8. PowerPodiatry

    PowerPodiatry Active Member

    I'm doing more with postural stability in our Tai chi classes at the practice and have added in an exercise from a related Martial art called Bagua Chuang. The practitioners of this were noted for their balance. The exercise that I have started them on is "Walking the circle" which is just the start-up of the circular form from Bagua. I have modified it slightly for my very tottery old girls to include stability contact with a partner. Even my younger participants find it more demanding than they first thought when I add in progressive modifications until we get it more along the line that is correct. So in fact we start by teaching it "wrong" so we can add to it until they get it "right". For some of my patients Tai chi is a little too demanding so we concentrate on Chi kung exercises to build them up.
    Its the same old story as in the practice "if you had only come in sooner then it would have been so much easier".

    Cheers
     
  9. NewsBot

    NewsBot The Admin that posts the news.

    Articles:
    1
    Changes in muscle strength, endurance, and reaction of the lower extremities with Tai Chi intervention
    Jing Xian Lia, Dong Qing Xub, Youlian Hong
    Journal of Biomechanics (in press)
     
  10. NewsBot

    NewsBot The Admin that posts the news.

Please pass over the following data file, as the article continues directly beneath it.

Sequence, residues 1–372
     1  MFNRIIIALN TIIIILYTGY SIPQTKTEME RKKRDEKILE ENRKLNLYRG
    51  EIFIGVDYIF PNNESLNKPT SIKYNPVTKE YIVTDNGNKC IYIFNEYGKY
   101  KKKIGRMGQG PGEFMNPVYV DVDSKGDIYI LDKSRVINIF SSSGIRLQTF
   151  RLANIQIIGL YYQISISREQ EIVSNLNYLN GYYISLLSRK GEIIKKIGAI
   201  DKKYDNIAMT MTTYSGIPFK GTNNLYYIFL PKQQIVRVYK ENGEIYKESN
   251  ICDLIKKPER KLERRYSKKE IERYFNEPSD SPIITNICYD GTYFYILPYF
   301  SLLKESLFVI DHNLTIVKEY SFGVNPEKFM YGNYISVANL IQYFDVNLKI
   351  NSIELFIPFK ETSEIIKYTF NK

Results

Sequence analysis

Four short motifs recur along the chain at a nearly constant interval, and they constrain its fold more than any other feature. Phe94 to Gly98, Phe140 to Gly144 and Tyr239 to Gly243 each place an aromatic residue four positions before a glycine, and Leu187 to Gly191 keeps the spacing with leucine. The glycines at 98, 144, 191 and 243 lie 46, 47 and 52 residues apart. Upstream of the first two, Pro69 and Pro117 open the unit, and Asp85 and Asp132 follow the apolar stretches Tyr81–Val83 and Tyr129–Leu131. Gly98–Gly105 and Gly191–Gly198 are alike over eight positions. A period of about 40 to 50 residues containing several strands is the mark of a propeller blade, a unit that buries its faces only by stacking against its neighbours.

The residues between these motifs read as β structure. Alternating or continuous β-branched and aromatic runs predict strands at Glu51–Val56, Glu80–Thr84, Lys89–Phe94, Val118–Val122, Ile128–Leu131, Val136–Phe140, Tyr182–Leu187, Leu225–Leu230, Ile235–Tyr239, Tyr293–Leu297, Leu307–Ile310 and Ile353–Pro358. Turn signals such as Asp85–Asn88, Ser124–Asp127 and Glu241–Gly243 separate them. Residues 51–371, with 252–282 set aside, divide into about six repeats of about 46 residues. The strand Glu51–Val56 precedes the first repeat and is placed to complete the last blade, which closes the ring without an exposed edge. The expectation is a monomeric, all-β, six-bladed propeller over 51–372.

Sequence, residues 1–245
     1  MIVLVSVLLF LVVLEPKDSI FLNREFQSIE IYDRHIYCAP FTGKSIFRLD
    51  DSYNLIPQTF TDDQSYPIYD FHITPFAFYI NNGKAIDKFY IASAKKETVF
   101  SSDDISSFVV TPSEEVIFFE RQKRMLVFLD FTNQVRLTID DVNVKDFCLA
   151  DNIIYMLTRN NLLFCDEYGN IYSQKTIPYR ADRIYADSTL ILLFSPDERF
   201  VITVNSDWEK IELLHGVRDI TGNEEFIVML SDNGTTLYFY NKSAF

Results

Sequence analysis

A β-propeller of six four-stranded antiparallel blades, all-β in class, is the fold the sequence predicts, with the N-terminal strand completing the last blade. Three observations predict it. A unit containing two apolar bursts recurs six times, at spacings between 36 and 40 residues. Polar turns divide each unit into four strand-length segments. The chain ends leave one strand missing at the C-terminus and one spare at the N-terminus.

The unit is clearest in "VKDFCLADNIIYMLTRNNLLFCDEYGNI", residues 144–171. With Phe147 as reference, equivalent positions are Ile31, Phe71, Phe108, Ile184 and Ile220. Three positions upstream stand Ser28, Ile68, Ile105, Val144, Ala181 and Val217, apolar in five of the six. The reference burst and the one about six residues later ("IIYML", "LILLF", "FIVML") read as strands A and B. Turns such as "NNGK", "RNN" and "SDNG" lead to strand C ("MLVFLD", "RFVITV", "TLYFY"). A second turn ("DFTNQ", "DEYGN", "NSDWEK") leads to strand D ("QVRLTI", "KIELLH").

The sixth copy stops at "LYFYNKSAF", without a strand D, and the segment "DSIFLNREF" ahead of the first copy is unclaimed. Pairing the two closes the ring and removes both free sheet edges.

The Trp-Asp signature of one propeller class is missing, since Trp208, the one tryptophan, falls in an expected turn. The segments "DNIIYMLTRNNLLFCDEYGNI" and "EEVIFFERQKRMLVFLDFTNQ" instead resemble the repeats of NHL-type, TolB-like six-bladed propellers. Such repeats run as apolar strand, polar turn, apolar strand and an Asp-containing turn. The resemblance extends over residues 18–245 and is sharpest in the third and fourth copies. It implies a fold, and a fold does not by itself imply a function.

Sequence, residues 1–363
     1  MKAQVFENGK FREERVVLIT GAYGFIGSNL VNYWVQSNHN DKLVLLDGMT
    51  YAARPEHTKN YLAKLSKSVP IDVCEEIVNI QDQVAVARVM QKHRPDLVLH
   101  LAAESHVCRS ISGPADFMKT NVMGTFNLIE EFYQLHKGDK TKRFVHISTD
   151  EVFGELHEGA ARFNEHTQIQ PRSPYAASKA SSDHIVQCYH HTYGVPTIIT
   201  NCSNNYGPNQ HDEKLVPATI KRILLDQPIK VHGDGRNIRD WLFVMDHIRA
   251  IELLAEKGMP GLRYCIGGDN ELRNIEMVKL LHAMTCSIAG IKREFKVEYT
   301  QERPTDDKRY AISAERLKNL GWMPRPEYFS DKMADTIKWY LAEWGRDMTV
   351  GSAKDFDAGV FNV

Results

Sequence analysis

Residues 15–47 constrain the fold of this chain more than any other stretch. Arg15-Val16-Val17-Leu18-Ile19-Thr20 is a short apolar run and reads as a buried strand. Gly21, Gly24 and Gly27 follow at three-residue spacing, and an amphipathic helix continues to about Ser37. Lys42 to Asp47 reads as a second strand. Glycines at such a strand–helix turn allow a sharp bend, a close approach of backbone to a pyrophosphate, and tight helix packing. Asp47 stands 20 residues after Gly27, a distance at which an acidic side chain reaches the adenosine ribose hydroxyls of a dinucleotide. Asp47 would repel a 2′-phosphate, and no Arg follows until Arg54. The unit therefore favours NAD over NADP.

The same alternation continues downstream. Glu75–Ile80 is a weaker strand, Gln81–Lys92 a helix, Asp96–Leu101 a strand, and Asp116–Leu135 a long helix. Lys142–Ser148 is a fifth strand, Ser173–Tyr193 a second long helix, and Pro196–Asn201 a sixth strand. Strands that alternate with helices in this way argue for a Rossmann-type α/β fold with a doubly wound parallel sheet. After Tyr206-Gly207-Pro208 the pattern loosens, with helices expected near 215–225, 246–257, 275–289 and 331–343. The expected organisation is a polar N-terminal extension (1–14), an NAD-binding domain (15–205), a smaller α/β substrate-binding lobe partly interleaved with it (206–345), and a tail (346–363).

Articles:
    1
    Foot Forces Induced through Tai Chi Push-Hand Exercises.
    Wong SH, Ji T, Hong Y, Fok SL, Wang L.
    J Appl Biomech. 2012 Aug 23
     
  11. JaY

    JaY Active Member

    This is definitely going to help those patients of mine that "have tried everything"! Well they can add this one to their list too!
     
  12. PowerPodiatry

    PowerPodiatry Active Member

    Currently I am teaching Tai chi to our community Parkinson's group with good anecdotal success. I have looked at many of the "papers" relating to tai chi and many of the success stories relate to the experience of the instructor.

    We look at the advanced aspects of tai chi that work at improving the vestibular function...sadly many instructors haven't got a clue about these advanced aspects.

    Like most chronic illnesses an intergrated or functional approach is required...the research is out there but most clinicians fail to look past what they were taught in undergrad. Don't get me wrong...we need a criticial eye.

    cheers,

    Colin
     
  13. NewsBot

    NewsBot The Admin that posts the news.

    Articles:
    1
    The Effects of Tai Chi on Peripheral Somatosensation, Balance, and Fitness in Hispanic Older Adults with Type 2 Diabetes: A Pilot and Feasibility Study.
    Cavegn EI, Riskowski JL
    Evid Based Complement Alternat Med. 2015;2015:767213
     
  14. NewsBot

    NewsBot The Admin that posts the news.

    Articles:
    1
    Long-term Tai Chi exercise increases body stability of the elderly during stair ascent under high and low illumination.
    Song Q et al
    Sports Biomech. 2017 Sep 7:1-12. doi: 10.1080/14763141.2017.135876